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FROM THE EDITOR'S PEN  / Coffee Klatch/   Editorial List

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 Coffee Klatch

Last week’s column, The Coffee Conflicts, elicited such great personal responses, I want to share them with you today.

I, too, have a story to share. Today is 19 years since my mother died. She was 94 years old. She had a full life and had nine children, 28 grandchildren and eight great-grandchildren. When she died, there were only three children and 22 grandchildren left. All of her grandchildren loved her very much. She had a lot to share with them. She taught them values, skills, crafts, cooking, sewing, and loved all of us. I miss her and think of her almost every day. She was caring and thoughtful to everyone she met. Today, I still hear stories about her taking care of someone in need.
She was in her mid-forties when I was born, but she was my best friend growing up. She would do activities with me, even going on a Ferris wheel. She spoke our native language, Ho-Chunk, most of the time. I know I am not the only one who feels this way about their mother. Now I am a mother, grandmother and great-grandmother, but I don’t have parents, brothers, sisters, aunts or uncles. I had a very good role model in my mother.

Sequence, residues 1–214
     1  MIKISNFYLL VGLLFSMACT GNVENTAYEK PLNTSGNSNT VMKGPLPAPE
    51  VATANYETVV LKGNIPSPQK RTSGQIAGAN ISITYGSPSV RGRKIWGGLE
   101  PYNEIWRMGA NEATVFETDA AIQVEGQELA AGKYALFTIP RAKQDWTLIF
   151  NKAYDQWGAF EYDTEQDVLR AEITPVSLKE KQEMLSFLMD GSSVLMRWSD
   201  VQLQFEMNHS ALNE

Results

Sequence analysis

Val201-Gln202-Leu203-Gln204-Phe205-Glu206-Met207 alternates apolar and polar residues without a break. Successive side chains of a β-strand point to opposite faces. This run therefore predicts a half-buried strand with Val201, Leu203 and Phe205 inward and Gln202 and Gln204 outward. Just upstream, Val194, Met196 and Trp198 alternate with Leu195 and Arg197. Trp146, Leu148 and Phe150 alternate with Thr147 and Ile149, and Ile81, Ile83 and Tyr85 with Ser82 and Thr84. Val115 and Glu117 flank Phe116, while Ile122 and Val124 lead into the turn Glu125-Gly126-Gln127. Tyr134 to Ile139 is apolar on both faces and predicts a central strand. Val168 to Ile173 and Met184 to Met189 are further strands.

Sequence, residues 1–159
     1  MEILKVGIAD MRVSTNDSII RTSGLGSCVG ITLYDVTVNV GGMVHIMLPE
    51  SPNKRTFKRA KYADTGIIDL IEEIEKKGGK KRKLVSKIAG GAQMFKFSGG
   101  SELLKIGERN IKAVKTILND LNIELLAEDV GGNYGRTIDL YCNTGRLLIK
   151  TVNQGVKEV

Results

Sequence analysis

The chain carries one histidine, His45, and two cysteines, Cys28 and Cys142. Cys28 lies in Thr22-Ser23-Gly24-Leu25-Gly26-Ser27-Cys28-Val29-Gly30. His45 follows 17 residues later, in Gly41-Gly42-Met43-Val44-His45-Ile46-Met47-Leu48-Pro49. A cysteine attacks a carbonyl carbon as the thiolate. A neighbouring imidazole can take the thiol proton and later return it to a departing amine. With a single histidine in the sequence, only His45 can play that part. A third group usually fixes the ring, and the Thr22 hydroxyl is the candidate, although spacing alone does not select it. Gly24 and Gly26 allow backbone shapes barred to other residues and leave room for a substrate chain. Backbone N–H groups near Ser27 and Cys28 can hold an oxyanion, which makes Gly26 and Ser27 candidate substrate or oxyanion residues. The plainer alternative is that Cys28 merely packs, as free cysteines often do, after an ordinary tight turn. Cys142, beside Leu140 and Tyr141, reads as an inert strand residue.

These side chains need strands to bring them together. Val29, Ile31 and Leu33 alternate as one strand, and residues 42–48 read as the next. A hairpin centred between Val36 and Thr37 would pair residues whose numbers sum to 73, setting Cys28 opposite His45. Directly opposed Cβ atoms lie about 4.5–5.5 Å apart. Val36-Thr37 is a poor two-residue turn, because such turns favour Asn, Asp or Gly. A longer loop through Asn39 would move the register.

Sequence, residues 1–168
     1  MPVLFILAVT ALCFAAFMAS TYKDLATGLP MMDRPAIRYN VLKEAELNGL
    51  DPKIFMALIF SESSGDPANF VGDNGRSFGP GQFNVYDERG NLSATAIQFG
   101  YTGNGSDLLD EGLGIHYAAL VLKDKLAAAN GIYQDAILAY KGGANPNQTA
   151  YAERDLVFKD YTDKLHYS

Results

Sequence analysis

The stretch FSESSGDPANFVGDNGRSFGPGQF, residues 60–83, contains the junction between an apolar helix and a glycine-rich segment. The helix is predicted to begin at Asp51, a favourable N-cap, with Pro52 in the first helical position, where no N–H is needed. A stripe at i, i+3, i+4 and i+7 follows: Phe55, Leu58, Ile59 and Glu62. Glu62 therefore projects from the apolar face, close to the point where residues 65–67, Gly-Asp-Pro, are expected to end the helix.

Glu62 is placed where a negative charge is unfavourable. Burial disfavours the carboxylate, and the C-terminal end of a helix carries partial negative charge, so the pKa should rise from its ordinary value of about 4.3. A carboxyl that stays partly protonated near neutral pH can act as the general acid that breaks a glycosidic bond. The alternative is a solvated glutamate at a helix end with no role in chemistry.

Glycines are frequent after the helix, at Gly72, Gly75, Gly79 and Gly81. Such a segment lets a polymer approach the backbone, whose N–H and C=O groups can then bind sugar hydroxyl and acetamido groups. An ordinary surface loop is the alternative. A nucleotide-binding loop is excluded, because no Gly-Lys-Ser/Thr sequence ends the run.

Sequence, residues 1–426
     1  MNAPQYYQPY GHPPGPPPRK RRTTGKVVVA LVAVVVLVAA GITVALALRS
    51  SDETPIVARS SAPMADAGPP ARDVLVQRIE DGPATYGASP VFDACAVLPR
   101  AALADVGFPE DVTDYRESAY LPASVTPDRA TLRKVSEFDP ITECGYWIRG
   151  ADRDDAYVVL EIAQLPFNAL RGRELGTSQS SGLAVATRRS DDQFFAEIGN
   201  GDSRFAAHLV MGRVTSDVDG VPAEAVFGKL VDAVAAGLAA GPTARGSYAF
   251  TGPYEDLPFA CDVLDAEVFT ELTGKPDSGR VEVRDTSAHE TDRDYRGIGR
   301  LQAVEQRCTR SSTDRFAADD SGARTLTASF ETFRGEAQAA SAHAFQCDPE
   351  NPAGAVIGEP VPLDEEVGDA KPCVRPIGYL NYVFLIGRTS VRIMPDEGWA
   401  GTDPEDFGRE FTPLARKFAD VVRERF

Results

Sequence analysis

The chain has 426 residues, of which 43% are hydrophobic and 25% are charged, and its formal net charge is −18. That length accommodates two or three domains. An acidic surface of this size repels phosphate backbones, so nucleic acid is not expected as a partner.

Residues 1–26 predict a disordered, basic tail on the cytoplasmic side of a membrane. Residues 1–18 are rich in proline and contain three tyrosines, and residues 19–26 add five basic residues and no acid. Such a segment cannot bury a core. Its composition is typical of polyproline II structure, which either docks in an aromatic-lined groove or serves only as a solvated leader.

Thank you for allowing me to share my loved one’s story.

So many families would benefit IF they would follow the advice in this story. People should not use the excuse that they can't afford to hire someone. They can't afford not to hire an outsider. It is better for the mental and physical health of all to hire someone to come in to help... as long as that person does not eliminate coffee, do the shopping, and change the diet of the otherwise healthy and happy person.
Thanks, Gary, for all your efforts and common sense.
From a follower of

Thank you for this wonderful article/story. It reinforces my decision to not interfere with my 86-year-old mother's desire to continue living in the home she's lived in for 55 years. My dad died of Alzheimer's and my mom took care of him. Her mind is still sharp. I decided, after talking with others who have elderly parents, that the best choice was to make her as safe as possible and let her make her own choices as long as she is able to do so. She has a Help, I've fallen and I can't get up button, a cell phone that I got her and which is usually on, and I check in with her several times each week.

Based on her ailments, at some point my decision may have to change. I also have come to accept that it's possible something might happen to her that could be avoided if she is essentially wrapped in a cocoon. However, it is her life; and given that she spent 10 years caring for my father as he declined into darkness, I don't feel I have the right to take away her independence to protect her when she is mentally competent.


Proof, once again, that as caregivers, we are not alone.

Gary Barg

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